Earlier this spring Don Cornelius took his life. Last year, Russell Armstrong, estranged husband of the one of Bravo’s Beverly Hills Housewives show’s leads, and an investment banker reportedly deeply in debt, was found hanged to death at home in Los Angeles, an apparent suicide. This weekend we saw Chiefs linebacker Jovan Belcher shoot his girlfriend multiple times at a residence near Arrowhead Stadium, drive to the team’s practice facility and turned the gun on himself as general manager Scott Pioli and coach Romeo Crennel looked on.
Earlier this summer the suicide of one-time New York Yankees’ pitcher Hideki Irabu was a lynch pin for discussion as a reminder that we don’t understand suicide.
A suicidal person may not ask for help, but that doesn’t mean that help isn’t wanted. Most people who commit suicide don’t want to die—they just want to stop hurting. Suicide prevention starts with recognizing the warning signs and taking them seriously.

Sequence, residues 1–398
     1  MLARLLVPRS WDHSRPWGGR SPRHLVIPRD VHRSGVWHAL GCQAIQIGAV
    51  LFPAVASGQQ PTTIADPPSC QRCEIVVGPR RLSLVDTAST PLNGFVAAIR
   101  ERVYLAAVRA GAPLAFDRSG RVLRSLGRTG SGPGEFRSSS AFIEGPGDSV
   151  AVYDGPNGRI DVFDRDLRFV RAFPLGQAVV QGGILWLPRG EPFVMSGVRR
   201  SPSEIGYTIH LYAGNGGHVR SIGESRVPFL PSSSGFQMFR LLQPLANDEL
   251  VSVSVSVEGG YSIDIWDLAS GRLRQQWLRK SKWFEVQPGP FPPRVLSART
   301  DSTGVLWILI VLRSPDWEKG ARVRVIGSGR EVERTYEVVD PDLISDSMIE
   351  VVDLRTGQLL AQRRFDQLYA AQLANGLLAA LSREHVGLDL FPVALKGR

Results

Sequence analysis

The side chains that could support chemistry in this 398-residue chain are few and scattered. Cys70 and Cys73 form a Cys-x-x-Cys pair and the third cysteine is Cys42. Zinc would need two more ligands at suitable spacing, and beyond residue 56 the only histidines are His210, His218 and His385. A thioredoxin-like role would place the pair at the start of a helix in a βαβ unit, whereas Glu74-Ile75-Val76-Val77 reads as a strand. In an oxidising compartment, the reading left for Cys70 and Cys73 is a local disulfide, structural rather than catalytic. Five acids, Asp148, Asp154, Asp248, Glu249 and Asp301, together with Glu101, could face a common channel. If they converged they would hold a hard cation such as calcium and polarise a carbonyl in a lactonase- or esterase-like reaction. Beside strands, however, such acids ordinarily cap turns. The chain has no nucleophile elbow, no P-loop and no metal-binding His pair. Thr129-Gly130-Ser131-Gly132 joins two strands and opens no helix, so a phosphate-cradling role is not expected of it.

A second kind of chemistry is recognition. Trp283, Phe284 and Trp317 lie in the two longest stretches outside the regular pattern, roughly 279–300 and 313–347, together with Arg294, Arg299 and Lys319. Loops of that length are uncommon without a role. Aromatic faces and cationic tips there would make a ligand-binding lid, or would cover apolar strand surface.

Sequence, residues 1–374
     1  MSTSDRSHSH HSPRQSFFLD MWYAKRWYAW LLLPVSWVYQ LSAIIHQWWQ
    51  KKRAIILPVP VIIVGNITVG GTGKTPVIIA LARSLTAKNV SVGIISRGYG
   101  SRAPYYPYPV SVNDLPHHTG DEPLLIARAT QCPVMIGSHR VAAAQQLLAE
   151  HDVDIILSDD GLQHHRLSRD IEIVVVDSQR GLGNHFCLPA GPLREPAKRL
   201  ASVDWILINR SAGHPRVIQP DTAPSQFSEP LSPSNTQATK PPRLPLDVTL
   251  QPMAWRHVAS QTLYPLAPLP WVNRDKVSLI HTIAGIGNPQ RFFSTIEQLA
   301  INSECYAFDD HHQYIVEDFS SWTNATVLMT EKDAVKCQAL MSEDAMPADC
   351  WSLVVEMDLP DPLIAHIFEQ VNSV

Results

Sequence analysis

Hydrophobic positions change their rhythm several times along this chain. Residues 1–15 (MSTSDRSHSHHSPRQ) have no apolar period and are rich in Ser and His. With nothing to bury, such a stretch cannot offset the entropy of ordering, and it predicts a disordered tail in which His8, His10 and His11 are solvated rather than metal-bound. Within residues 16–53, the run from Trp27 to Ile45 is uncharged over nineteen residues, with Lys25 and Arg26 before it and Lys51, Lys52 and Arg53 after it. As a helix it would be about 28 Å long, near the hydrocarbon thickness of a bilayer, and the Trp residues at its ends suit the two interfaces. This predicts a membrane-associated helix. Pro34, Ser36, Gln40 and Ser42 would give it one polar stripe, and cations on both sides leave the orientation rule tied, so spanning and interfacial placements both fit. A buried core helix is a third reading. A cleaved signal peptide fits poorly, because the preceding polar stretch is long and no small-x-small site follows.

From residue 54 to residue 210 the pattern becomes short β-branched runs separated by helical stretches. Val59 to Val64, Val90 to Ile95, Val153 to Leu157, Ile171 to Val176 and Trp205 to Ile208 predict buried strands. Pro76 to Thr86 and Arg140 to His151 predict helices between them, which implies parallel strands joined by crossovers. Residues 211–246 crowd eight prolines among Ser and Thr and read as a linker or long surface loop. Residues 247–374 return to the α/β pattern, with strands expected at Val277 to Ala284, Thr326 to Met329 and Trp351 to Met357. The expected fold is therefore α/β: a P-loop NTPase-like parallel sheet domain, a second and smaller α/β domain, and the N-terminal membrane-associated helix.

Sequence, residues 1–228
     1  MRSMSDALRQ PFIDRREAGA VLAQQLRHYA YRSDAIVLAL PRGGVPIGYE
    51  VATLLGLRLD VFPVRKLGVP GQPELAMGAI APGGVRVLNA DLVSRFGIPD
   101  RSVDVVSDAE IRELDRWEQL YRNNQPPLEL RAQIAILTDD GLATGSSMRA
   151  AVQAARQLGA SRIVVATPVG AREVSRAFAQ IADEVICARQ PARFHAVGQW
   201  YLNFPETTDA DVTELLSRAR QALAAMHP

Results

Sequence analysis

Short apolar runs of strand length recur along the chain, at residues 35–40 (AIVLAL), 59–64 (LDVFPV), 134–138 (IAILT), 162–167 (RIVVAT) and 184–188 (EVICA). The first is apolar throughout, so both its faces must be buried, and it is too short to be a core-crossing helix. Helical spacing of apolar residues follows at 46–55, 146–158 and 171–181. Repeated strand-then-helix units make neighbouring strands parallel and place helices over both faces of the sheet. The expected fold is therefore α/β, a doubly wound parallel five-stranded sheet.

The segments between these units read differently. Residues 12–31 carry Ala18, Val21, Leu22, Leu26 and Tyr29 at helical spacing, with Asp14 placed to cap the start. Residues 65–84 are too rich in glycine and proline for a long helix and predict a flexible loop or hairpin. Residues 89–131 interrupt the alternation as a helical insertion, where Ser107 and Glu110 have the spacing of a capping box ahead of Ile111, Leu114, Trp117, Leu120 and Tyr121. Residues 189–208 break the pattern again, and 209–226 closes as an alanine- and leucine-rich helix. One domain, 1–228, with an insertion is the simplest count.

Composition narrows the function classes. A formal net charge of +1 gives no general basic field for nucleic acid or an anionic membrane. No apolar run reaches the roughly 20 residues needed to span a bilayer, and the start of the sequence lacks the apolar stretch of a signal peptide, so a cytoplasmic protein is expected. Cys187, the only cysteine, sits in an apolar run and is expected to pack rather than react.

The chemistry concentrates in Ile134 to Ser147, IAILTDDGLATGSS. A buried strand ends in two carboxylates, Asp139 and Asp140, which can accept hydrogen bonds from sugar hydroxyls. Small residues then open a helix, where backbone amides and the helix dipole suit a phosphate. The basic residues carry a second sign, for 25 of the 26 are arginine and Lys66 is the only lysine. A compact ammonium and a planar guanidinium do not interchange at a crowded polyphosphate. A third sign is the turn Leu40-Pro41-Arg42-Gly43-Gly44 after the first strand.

Here are myths that need to be addressed.
1-FALSE: People who talk about suicide won’t really do it.
Almost everyone who commits or attempts suicide has given some clue or warning. Do not ignore suicide threats. Statements like “you’ll be sorry when I’m dead,” “I can’t see any way out,” — no matter how casually or jokingly said may indicate serious suicidal feelings.
2-FALSE: Anyone who tries to kill him/herself must be crazy.
Most suicidal people are not psychotic or insane. They must be upset, grief-stricken, depressed or despairing, but extreme distress and emotional pain are not necessarily signs of mental illness.
3-FALSE: If a person is determined to kill him/herself, nothing is going to stop them.
Even the most severely depressed person has mixed feelings about death, wavering until the very last moment between wanting to live and wanting to die. Most suicidal people do not want death; they want the pain to stop. The impulse to end it all, however overpowering, does not last forever.